Greater financial access for women would yield a growing market opportunity with phenomenal profit potential for companies.


For the past several years at IFC, I’ve been working with the private sector, namely financial institutions, to address the supply-and-demand constraints that women face when trying to access the formal financial system. IFC tackles these constraints in three ways:
 
  • Defining the size of the women’s market, female-owned and  -led SMEs, and as individual consumers of financial services
  • Showing financial institutions how to tap into the women’s market opportunity by developing offerings that combine financial products, such as credit, savings and insurance, with non-financial services such as training in business skills
  • Increasing women’s access through convenient delivery channels, such as online, mobile and branchless banking

If you want to go far, go together

Jana Malinska's picture

A new global network of Climate Innovation Centers will support the most innovative private-sector solutions for climate change.
 
Pop quiz: What does an organic leather wallet have in common with a cookstove for making flatbread and a pile of recycled concrete?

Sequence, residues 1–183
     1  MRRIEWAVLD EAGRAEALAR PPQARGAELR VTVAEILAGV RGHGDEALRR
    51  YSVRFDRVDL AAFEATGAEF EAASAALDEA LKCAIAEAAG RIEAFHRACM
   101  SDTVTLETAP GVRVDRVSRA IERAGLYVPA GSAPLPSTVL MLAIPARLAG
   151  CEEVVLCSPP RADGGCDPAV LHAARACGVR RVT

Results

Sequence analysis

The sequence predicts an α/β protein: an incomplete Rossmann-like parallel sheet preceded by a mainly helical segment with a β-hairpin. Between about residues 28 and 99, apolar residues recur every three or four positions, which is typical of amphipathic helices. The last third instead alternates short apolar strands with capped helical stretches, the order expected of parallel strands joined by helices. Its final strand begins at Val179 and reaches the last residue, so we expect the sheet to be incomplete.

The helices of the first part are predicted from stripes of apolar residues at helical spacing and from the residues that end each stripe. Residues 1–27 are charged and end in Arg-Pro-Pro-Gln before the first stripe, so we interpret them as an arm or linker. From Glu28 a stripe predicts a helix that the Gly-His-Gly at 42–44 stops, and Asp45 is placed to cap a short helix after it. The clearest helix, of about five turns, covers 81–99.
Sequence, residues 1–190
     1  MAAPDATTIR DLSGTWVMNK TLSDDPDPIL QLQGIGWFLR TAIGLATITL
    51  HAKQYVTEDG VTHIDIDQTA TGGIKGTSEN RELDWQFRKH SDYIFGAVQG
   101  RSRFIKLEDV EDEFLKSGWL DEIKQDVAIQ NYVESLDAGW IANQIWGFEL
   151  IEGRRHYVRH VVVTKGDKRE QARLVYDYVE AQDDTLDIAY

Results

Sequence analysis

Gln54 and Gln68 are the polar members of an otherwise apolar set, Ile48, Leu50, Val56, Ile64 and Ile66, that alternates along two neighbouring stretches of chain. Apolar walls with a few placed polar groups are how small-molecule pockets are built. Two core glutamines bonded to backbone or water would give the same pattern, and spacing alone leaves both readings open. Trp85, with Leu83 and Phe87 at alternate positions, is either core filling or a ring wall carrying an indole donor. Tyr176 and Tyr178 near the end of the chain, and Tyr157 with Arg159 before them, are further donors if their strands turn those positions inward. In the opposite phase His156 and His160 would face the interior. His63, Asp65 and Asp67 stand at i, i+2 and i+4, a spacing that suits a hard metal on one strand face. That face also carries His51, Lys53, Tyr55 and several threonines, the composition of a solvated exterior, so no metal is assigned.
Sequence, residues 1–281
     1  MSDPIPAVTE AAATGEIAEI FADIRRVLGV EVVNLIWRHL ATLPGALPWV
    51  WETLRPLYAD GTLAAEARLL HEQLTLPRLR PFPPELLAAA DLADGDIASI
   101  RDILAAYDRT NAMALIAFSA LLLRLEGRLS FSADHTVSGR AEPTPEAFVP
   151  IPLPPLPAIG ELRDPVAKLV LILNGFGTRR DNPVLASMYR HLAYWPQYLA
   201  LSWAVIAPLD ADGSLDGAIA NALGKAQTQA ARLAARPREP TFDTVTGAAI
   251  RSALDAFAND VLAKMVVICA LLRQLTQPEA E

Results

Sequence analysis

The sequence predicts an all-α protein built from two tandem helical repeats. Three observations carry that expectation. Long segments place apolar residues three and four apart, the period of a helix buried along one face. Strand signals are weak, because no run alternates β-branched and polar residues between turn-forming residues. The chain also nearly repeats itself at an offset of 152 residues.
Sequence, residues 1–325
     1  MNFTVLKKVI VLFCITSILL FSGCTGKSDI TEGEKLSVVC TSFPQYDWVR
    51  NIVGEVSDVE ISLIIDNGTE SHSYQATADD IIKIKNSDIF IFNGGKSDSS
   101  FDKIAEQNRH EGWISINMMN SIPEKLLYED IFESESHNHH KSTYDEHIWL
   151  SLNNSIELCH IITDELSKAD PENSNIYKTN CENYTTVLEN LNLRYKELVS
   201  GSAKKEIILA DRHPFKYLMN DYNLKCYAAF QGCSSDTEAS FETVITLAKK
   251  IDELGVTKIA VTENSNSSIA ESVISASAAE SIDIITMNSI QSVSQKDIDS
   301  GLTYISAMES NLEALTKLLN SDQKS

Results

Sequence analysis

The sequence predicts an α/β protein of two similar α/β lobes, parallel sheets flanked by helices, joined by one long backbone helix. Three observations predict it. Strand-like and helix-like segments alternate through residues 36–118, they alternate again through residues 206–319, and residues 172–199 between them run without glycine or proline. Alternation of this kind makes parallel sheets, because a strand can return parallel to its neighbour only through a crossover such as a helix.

Believe it or not, each of these represents something revolutionary: a private sector-driven approach to climate change. Each of these products – yes, even concrete – is produced by an innovative clean-tech company. And as of March 26th, those businesses, and hundreds more like them, have something else in common. They’re connected through infoDev's newly established global network of Climate Innovation Centers (CICs), an innovative project that is taking the idea of green innovation beyond borders.
 
Having piloted the CIC model in seven different countries – Kenya, South Africa, the Caribbean, Ethiopia, Morocco, Ghana and Vietnam – it was time for infoDev, a global entrepreneurship program in the World Bank Group’s Trade and Competitiveness Global Practice, to follow a time-honored business practice: to scale up and take this movement global.

And so, as part of last month’s South Africa Climate Innovation Conference, we joined forces with 14 experts from the seven different countries where the CICs operate to establish the foundations of the world’s first global network devoted to supporting green growth and clean-tech innovation.



CIC staff debate and discuss the new CIC Network during the South Africa Climate Innovation Conference.

This global network of Climate Innovation Centers – business incubators for small and medium-sized enterprises (SMEs) – has been designed to help local ventures take full advantage of the fast-growing clean-technology market. The infoDev study “Building Competitive Green Industries” estimates that over the next decade $6.4 trillion will be invested in clean technologies in developing countries. An even more promising fact is that, out of this amount, about $1.6 trillion represents future business opportunities for SMEs, which are important drivers of job creation and competitiveness in the clean-tech space.